Merle Haggard (born 1937) is a Country Music
artist. One of the only country musicians from California, he pioneered the "Bakersfield sound" and was influential in the "outlaw" sound as well.
Haggard was quite the badass early on in his life, including stints in PSI and San Quentin Prison. After working some time with Lefty Frizzell, he actively pursued a music career in the mid-fifties after cleaning up his life. A modest Top 20 hit, "Sing a Sad Song" on the Tally label, brought him to the mainstream for the first time, but it wasn't until he joined Capitol Records' roster in 1965 that the hits started coming. Working with his band, the Strangers, he would chart thirty-eight Number One hits and several more Top Tens throughout his career. Awards aplenty came from the Country Music Association and Grammys, as well as a Grammy lifetime achievement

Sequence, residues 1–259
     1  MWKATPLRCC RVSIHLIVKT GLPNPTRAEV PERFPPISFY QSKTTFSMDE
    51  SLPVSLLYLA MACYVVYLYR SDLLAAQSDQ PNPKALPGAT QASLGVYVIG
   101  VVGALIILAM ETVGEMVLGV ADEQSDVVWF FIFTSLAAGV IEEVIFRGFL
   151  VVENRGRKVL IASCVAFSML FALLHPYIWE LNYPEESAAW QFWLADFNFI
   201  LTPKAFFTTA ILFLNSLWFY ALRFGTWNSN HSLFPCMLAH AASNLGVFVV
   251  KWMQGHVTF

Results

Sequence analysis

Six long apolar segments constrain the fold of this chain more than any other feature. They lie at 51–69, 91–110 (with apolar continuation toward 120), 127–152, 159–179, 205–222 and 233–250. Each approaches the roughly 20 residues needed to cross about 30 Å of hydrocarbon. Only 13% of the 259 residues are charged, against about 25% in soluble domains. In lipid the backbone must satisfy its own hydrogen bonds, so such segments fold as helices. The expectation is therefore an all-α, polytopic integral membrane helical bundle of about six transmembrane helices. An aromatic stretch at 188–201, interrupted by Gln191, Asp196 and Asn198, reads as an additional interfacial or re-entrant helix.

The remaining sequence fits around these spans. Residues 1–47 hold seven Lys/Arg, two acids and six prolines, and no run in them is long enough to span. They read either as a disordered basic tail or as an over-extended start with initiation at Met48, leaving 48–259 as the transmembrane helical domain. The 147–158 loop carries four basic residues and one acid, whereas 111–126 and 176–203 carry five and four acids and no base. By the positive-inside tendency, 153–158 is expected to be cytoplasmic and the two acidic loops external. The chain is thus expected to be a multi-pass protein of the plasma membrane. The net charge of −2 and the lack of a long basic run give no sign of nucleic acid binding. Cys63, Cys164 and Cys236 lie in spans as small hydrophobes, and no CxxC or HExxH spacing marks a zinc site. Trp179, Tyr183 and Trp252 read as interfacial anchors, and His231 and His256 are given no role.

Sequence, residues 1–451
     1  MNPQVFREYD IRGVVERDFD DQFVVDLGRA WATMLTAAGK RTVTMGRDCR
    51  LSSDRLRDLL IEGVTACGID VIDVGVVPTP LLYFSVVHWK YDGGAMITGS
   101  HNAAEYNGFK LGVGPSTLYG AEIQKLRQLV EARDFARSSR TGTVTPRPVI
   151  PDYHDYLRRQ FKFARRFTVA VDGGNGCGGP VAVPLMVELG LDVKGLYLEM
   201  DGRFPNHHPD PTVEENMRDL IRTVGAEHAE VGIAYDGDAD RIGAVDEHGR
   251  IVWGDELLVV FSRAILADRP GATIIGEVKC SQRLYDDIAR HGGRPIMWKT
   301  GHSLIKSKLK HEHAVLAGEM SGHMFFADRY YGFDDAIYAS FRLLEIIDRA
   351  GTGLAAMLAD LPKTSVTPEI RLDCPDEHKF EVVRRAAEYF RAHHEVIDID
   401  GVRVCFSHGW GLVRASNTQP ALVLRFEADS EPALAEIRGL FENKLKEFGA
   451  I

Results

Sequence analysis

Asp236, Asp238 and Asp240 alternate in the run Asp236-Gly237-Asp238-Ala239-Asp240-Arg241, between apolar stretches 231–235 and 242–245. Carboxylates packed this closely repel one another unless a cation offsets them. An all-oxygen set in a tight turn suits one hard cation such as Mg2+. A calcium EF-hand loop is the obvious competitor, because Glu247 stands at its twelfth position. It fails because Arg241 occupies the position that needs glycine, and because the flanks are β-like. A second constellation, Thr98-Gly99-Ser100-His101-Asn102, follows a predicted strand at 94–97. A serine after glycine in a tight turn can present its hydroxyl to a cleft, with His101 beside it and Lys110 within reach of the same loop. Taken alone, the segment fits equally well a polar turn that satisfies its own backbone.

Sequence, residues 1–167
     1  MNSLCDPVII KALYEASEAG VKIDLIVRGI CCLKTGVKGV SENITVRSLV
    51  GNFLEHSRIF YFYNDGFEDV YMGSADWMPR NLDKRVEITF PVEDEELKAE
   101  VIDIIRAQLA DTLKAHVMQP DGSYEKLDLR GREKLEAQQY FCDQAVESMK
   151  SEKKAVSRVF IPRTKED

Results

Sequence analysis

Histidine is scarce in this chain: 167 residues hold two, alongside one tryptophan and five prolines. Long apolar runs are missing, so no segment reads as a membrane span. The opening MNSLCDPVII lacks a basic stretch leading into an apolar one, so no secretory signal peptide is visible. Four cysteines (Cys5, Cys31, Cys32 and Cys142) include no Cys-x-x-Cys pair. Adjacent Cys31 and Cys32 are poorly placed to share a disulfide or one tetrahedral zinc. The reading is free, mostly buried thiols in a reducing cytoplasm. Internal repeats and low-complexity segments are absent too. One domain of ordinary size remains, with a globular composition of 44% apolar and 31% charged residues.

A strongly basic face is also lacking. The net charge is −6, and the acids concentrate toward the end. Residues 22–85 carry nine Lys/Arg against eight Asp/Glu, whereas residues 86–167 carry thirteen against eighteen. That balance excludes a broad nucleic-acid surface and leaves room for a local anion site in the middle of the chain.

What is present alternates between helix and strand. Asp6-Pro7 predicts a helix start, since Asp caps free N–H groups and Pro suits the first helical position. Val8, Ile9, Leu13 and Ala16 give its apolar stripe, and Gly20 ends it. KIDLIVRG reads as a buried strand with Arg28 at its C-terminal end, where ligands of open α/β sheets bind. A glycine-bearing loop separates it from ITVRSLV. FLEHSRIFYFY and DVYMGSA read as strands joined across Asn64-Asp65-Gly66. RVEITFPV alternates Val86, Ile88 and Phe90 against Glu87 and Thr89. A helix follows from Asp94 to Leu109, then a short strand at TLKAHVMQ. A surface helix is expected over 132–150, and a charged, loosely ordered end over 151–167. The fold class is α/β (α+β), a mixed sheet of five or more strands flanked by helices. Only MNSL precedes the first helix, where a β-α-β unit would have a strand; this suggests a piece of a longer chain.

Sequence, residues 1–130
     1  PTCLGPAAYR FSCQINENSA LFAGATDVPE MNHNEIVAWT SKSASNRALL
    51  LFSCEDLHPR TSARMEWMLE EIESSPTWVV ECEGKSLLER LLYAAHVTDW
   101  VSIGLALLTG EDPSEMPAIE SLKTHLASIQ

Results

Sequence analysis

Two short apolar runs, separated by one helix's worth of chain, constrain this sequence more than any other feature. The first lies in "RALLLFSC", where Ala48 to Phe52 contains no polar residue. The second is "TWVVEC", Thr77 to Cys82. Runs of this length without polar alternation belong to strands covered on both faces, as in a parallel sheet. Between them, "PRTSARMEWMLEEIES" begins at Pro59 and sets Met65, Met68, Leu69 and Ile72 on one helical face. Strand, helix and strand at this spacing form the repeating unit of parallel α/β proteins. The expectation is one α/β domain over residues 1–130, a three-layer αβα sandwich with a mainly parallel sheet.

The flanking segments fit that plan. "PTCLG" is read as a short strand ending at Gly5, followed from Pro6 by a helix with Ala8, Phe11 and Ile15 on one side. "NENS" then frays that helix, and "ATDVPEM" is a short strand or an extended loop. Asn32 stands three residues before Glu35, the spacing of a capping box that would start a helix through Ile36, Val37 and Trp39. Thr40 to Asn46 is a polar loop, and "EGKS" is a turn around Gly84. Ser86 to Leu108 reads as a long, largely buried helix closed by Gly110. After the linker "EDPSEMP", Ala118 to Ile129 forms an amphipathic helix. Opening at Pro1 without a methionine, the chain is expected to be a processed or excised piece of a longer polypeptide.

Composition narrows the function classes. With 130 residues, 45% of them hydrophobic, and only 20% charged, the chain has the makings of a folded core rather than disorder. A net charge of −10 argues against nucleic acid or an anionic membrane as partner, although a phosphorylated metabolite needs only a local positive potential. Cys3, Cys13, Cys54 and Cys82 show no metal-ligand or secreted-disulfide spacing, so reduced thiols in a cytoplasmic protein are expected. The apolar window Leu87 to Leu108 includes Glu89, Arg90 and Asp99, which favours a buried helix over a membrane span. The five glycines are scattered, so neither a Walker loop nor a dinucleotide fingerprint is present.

award in 2006 and induction into the country music Hall of Fame. He even got pardoned by then-California governor Ronald Reagan
in 1972. Starting in the late 1970s, he switched to MCA Records, and then to Epic Records
by 1981 and Curb in the early 1990s. Although he never hit the Top 10 again after 1989, he never gave up on recording.
Haggard's sons, Noel and Marty, also had minor success as recording artists.
Tropes present in his work: